High winds, gusts accompany warm weather
Wind gusts as high as 51 mph blew across Stanley, in northwest North Dakota on Sunday, and many locations saw gusts of 45 mph to 48 mph, with steady winds in a range from 30 to 40 mph across most of the region, according to Pete Speicher, meteoro...
Wind gusts as high as 51 mph blew across Stanley, in northwest North Dakota on Sunday, and many locations saw gusts of 45 mph to 48 mph, with steady winds in a range from 30 to 40 mph across most of the region, according to Pete Speicher, meteorologist with the National Weather Service in Grand Forks.
Near record warmth hit the Grand Forks area and this week will continue warmer than normal, but not as warm as Sunday, Speicher said.
The high winds of 30 to 40 mph were expected to continue to about midnight Sunday, with a high wind warning in effect across most of North Dakota and the east side of the Red River Valley in Minnesota. But the gusts didn't hit 60 mph, as earlier forecasts said was possible, at least not by 8:30 p.m. Sunday, Speicher said.
Early Sunday, the forecast was for winds of 35 to 45 mph, with gusts up to 60 mph, to move from the west into the Devils Lake Basin by about noon, and move east, possibly causing problems for high-profile vehicles.
It ended up being more than breezy, but nothing registered 60 mph by 8:30 p.m., Speicher said, although high winds were possible until midnight Sunday.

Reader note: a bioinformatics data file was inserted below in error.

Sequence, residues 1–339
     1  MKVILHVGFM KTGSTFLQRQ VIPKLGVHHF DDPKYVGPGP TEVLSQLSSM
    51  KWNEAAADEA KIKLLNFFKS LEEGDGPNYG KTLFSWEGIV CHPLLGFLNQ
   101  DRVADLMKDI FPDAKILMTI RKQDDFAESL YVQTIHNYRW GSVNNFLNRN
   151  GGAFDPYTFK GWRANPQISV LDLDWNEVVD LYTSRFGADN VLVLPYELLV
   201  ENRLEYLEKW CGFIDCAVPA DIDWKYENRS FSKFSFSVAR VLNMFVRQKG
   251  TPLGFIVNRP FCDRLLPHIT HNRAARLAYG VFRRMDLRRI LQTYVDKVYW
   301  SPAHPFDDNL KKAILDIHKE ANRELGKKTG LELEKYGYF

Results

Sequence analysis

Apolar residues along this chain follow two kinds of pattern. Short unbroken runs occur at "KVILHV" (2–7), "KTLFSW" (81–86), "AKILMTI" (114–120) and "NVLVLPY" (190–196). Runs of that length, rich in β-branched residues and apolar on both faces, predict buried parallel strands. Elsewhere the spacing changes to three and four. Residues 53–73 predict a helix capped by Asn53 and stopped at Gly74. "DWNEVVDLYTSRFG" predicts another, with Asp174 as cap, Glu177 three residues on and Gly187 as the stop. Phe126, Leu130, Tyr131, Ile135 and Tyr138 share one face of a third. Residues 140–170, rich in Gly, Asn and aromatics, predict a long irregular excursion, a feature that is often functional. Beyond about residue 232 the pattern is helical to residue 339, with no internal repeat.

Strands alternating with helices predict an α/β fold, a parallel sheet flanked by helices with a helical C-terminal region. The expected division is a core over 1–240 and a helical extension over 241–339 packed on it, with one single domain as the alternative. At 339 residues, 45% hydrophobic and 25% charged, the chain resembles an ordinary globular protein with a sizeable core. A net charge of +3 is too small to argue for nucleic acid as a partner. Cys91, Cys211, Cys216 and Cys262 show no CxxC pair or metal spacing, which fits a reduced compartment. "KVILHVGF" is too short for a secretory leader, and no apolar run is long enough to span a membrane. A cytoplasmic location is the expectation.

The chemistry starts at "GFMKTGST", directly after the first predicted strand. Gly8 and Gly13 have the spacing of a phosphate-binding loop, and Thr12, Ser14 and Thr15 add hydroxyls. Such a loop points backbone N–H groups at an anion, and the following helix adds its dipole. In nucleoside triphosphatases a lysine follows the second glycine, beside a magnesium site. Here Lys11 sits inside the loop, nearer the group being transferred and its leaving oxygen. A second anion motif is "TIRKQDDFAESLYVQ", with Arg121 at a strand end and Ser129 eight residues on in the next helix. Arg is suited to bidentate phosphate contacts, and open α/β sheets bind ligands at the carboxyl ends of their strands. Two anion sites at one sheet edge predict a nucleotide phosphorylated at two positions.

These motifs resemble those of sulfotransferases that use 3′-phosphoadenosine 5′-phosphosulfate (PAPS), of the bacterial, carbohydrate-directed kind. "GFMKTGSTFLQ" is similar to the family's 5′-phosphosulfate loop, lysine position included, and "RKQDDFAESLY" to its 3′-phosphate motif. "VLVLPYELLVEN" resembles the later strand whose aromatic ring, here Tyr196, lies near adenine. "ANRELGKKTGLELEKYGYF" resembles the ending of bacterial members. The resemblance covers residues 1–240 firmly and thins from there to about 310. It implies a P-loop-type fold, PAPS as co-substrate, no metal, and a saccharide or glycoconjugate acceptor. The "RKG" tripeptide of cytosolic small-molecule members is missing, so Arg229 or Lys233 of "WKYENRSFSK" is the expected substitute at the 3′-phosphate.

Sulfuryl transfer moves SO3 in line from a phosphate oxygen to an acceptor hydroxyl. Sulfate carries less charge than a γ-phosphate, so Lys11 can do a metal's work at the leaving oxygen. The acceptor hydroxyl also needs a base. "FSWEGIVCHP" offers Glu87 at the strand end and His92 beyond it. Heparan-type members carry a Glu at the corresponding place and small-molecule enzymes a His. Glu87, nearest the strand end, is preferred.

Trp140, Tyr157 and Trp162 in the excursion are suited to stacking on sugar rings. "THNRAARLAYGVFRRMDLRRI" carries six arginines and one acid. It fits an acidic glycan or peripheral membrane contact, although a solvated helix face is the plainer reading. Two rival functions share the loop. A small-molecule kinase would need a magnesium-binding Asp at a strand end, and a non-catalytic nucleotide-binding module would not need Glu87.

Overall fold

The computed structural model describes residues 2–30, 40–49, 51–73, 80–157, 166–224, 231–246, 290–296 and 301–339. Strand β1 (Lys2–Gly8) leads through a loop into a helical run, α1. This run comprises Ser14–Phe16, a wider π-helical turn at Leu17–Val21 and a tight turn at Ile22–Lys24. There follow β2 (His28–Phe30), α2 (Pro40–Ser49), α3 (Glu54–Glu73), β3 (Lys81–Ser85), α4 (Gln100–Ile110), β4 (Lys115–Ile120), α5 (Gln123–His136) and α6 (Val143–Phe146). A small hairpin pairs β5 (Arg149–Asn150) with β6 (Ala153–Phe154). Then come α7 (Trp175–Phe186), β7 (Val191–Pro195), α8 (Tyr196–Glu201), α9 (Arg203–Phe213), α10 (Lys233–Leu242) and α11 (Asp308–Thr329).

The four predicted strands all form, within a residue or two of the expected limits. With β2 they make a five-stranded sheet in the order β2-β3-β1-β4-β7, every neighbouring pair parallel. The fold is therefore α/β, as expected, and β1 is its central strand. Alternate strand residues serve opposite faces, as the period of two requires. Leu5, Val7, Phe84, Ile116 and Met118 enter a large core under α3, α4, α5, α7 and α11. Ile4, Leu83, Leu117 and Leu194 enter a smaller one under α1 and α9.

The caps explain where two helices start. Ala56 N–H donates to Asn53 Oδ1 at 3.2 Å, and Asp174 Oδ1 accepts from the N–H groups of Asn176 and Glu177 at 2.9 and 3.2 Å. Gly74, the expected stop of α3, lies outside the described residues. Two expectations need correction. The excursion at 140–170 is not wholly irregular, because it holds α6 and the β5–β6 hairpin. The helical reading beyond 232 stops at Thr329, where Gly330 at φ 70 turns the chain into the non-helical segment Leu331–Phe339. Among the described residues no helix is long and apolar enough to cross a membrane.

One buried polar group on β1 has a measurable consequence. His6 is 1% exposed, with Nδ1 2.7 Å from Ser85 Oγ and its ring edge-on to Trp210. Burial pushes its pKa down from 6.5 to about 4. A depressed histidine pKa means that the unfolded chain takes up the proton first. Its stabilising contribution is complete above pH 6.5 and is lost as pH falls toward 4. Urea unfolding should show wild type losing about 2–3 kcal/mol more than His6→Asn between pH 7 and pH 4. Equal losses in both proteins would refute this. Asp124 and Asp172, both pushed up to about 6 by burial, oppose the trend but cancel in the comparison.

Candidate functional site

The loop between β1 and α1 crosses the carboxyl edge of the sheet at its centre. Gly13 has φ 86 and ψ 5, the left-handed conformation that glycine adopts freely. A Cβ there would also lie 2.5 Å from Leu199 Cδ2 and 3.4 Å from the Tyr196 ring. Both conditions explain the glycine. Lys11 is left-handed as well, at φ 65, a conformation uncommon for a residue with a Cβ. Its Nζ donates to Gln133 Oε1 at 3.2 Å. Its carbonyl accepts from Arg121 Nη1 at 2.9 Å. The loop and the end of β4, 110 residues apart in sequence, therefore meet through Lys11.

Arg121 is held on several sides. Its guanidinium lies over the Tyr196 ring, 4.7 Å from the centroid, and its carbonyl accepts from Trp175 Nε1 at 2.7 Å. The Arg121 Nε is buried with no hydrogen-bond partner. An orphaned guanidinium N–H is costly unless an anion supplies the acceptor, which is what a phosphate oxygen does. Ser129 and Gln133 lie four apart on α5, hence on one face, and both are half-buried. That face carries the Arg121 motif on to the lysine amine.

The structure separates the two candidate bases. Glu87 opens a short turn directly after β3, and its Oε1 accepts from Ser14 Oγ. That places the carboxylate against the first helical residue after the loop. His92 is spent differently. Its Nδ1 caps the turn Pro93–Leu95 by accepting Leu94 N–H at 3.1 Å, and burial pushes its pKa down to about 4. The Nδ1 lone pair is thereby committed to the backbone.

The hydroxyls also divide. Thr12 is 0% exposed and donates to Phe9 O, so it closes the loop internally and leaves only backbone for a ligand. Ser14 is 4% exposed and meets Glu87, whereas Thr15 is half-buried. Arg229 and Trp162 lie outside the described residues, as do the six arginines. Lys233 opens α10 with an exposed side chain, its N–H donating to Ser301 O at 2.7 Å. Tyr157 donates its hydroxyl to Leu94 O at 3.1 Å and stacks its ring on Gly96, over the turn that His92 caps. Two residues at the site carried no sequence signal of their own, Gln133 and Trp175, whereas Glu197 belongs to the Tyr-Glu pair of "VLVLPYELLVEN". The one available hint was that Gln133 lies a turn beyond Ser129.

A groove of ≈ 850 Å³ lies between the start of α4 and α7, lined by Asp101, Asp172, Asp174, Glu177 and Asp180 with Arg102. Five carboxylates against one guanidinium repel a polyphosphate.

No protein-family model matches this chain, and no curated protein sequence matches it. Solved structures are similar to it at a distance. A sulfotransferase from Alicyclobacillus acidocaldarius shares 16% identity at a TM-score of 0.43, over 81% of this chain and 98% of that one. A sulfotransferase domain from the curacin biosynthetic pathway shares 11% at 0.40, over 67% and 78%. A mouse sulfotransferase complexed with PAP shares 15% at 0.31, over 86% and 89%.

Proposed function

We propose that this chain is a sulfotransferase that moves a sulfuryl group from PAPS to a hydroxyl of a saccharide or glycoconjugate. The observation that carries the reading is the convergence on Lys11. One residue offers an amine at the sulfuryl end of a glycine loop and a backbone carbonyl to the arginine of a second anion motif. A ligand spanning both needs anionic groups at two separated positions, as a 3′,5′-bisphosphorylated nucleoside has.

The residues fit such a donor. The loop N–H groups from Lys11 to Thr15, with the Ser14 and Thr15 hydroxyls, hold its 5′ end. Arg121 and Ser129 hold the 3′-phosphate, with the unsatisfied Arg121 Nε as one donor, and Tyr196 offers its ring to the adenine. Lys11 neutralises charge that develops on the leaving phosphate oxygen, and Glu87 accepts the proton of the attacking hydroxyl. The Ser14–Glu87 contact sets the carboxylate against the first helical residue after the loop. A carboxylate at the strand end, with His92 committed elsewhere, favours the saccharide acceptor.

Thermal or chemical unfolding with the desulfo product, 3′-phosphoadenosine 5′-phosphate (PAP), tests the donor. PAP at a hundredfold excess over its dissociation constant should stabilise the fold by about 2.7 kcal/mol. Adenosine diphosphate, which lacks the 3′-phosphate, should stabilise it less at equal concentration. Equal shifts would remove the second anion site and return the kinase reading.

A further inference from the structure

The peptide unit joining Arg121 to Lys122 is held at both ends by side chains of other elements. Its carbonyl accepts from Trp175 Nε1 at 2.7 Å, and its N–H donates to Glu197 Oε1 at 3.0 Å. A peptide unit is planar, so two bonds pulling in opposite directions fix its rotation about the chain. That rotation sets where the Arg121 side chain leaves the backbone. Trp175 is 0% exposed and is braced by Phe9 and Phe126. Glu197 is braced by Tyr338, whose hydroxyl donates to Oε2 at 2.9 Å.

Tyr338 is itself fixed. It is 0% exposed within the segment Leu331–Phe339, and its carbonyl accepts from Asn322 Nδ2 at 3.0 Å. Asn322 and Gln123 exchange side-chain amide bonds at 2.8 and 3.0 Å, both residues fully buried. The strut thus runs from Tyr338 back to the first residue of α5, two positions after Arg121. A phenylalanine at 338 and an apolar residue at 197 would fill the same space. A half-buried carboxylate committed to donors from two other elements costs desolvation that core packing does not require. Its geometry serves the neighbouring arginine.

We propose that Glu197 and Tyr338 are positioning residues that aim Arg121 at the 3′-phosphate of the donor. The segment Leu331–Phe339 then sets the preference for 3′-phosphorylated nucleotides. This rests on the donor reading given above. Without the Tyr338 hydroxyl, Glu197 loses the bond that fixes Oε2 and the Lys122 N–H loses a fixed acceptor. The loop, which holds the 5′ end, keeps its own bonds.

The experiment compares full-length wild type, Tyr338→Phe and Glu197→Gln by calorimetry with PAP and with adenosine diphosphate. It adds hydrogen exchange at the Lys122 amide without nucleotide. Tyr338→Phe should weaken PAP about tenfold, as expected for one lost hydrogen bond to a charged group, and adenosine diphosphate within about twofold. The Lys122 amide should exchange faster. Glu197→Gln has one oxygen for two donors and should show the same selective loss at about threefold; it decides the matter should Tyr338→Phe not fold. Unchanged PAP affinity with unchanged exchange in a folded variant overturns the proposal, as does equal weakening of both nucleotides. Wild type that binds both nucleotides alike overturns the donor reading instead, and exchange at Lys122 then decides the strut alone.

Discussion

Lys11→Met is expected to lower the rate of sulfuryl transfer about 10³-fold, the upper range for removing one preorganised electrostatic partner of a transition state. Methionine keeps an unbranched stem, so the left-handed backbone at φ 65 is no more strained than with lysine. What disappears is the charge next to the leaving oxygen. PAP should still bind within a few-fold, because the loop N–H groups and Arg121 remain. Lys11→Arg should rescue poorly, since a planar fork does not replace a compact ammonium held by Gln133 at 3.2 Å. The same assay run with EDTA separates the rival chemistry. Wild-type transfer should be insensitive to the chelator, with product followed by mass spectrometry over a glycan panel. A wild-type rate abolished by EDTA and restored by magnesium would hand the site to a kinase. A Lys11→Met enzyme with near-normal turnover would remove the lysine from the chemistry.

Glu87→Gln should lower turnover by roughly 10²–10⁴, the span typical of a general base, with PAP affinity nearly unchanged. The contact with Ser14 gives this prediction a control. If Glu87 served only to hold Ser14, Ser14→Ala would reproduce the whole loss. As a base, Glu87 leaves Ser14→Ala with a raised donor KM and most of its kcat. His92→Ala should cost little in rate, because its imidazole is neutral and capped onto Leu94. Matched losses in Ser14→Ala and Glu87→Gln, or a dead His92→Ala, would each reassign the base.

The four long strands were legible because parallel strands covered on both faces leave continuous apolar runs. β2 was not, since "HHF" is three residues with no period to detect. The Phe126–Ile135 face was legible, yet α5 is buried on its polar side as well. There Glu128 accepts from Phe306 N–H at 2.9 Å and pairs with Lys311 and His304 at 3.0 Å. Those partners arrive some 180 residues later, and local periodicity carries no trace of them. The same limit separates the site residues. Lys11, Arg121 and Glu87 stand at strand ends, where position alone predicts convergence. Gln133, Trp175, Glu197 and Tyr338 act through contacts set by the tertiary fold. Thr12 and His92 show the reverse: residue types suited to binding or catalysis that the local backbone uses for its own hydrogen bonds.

The North Dakota Highway Patrol reported at 8:30 p.m. that there had not been any traffic-related problems caused by the high winds.
The winds were expected to die down by this morning, and temperatures in Grand Forks will fall to about 22 above early today, after hitting a near-record Sunday at the International Airport. The temperature rose to 47 above at 11:38 a.m. Sunday, 2 degrees below the record for the date set in 1983 at the airport.
The warm temperatures did shrink the snow pack by an inch or two, Speicher said. By about 5 p.m. Sunday, the snow depth at the airport was measured at 7 inches.
The highest wind gust at the airport was 39 mph and the highest steady wind speed was 30 mph, coming from the west northwest.
Highways were mostly dry Sunday in the region, with some blowing snow. Gravel rural roads, however, were difficult in spots where packed snow and drifts had melted and softened into inches of slush on top of mud.
Temperatures will remain mild, but not as warm as Sunday, through the week, mostly in the 30s, with 40 above possible Tuesday.
Speicher said each night the temperature will fall below freezing this week, stopping the melt.
A storm system, with colder temperatures, is expected to move in Friday, he said.
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